It’s not that there’s anything wrong with a game’s mechanics and content playing off each other. Jason Rohrer’s Passage is a game that I’ve called “perfect” because of its crafting and the resonance between its gameplay and its thematic elements. While Rohrer’s work since Passage has indicated that perhaps the quality of his break-out game was something of an accident, that shouldn’t detract from its cleverness. That cleverness was precisely because of its ironic and sentimental use of classic gaming tropes, both mechanical and visual, with just a few original bits thrown in to complete the effect.
There’s a very simple defense then, for my critique: so what? Why should it matter that art-games use content just like any other game?
The problem is that if the expressive power of an art-game comes from its mix of gameplay and theme, then what exactly makes them art-games? Gears of War does a great job of keeping its mechanics and content humming along with each other. After all, GoW ‘s story and theme are about a group of badass space marines who like to shoot guns and stomp curbs and its mechanics do a great job invoking the appropriate feelings in its players. So then why isn’t Cliff Blezinski’s action masterpiece considered an art-game? Because it has cut-scenes? Maybe because it’s about making your enemies ‘eat s**t and die’?
Another defense against my criticism of art-games is that what makes art-games special is really their subject matter rather than the purity of their mechanics. Art-games choose to take as their material topics that might be a little unusual for other, more mainstream, games. Issues like marriage (The Marriage), immortality (Immortality), civic disobedience (Police Brutality), the inevitability of death (Passage), the creative process (Stars over Half Moon Bay), and the effect of time travel on interpersonal relationships (Braid). It’s easy to be sympathetic with this argument. You’d think that there were only so many games that could be made about space marines, army privates, fabled warriors, and the battle between good and evil. There’s more to life than violent conflict.
However, if the thing that defines art-games, and puts them in contrast with other games, is their subject matter, then what should we make of other games that have non-traditional themes, or games that have no theme at all? What about Peacemaker, a game that lets players explore different political scenarios between the many factions vying for control of modern day Israel, or the ‘news-games’ of Ian Bogost and Gonzalo Frasca? What about Tetris, a game that has no subject matter but has clearly touched the lives of millions? More to the point, what about more traditional games like Go, or Mancala, or Wrestling, or Football?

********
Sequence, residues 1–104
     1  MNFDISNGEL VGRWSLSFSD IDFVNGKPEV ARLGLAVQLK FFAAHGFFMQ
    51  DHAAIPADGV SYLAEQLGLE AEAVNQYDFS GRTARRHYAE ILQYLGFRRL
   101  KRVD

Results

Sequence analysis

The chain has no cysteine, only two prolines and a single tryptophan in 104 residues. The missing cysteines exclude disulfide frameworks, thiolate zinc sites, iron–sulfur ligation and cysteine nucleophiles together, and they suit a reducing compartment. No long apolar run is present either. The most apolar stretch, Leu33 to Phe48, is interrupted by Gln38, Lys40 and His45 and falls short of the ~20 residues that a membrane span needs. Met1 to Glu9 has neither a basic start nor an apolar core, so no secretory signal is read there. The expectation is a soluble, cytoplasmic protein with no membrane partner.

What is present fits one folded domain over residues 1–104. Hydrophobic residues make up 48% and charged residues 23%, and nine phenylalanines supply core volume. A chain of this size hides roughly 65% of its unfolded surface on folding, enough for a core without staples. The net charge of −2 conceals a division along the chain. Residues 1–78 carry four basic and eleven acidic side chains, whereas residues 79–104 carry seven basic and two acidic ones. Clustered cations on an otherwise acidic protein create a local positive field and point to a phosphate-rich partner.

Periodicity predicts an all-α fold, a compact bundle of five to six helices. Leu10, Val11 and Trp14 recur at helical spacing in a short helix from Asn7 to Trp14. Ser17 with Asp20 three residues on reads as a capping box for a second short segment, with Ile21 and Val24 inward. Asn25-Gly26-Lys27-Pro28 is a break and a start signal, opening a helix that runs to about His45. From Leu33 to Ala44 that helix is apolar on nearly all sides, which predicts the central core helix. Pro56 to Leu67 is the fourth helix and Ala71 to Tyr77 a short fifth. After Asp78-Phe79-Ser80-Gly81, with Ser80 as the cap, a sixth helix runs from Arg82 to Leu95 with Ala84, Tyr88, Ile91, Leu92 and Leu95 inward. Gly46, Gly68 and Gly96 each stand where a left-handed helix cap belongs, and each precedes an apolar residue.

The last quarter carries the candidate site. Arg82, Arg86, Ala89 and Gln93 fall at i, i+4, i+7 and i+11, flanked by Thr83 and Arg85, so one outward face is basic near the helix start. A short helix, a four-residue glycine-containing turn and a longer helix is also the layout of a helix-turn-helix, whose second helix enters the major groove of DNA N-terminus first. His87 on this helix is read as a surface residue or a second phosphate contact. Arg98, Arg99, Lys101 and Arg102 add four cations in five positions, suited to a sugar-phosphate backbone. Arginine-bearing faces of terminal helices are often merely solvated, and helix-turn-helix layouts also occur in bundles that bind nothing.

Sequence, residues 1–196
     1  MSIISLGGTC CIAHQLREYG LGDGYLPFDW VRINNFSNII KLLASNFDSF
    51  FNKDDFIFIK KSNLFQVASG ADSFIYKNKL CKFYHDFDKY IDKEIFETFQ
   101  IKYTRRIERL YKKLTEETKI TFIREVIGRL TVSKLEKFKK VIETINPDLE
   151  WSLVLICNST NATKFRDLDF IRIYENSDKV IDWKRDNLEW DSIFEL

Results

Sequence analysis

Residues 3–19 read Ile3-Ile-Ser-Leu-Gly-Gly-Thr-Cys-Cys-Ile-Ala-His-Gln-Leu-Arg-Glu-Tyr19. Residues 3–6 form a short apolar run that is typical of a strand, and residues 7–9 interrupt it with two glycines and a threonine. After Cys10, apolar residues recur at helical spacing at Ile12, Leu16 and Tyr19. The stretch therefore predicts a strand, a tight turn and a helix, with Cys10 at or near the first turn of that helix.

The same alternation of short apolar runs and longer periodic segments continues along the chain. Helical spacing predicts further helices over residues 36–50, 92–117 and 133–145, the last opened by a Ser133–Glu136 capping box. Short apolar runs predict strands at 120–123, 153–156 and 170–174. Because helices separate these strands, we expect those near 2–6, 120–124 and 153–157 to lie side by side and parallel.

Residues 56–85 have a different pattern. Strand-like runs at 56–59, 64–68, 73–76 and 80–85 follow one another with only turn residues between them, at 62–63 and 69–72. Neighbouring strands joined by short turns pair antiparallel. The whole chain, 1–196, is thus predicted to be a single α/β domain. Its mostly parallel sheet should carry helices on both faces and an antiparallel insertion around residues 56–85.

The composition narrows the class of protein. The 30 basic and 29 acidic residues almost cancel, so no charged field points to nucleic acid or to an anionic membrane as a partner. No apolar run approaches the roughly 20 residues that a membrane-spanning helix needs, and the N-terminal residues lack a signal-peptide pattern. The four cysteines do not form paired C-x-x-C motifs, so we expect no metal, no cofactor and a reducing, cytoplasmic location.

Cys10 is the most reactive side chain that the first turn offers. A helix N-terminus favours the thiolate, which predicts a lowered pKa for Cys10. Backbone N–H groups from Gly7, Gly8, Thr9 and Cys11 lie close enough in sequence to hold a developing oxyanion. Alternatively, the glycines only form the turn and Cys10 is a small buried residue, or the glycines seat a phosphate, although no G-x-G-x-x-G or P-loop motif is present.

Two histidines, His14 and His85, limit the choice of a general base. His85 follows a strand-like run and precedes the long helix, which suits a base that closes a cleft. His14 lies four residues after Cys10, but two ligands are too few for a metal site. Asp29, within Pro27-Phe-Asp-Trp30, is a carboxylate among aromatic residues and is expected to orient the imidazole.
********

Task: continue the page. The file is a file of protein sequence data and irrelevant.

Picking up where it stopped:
I have avoided using the word ‘art’ in order to talk about art-games simply on the terms by which the creators themselves have defined them, but it’s difficult to avoid the subject when it figures so prominently in the name of the genre. It seems preposterous though that Blow, Rohrer, and Humble are arguing that games were never ‘art’ until art-games. What that suggests is that games never had a chance to be ‘art’ until video games came along, and video games are only ‘art’ if they’re about something that isn’t what most other games are about, but also isn’t something quite so pedestrian as current events.
A GAME BY ANY OTHER NAME
So art-games aren’t defined by their purity, by their reliance on mechanics to create meaning rather than content, and it isn’t their subject matter than separates them from other games. Then what, exactly, qualifies something as an art-game?
The most straightforward answer is that there’s no such thing as art-games. Yes, there’s a group of people that make games and they choose to call them ‘art-games’, but that phrase has no meaning. Rather, it simply means “a game created by one of the members of this small group.” Really, art-games are just games, made by people who care enough to devote themselves to an art form that gets a lot of flak and that most people don’t understand. To that point the harshest criticism that might be leveled at art-games was written by our friend Iroquois Pliskin about the games of Jason Rohrer:
It’s not that Rohrer’s work isn’t fascinating and thought-provoking; it’s just that as an exercise, it stays far from the core pleasures of mastering rules. By the time you learn the rules there’s nothing left to do with them. (Games are about doing things with rules.)
The case that’s been presented here isn’t a case against the games that have been called art-games, but against the genre as it’s defined. It’s a case for art-games being treated as games, first and foremost. Of course, if art-games are just games, then they run the risk of being interesting art, but not very good games.
The prevailing wisdom may be that games have not achieved the vaunted status of ‘art’, but perhaps the problem isn’t with games. Perhaps the problem is with our own ability to recognize their artistic merits. Instead of drawing an artificial line between current efforts and the long history of games, which is much longer than the histories of anything we actually recognize as ‘art’, it might be more constructive to find and point out the beauty and inspiration in what has come before. The game development community could still learn a lot from Blow, Humble, Rohrer and their art-games, but if we really want to make art then the secret might be to learn a little more about games.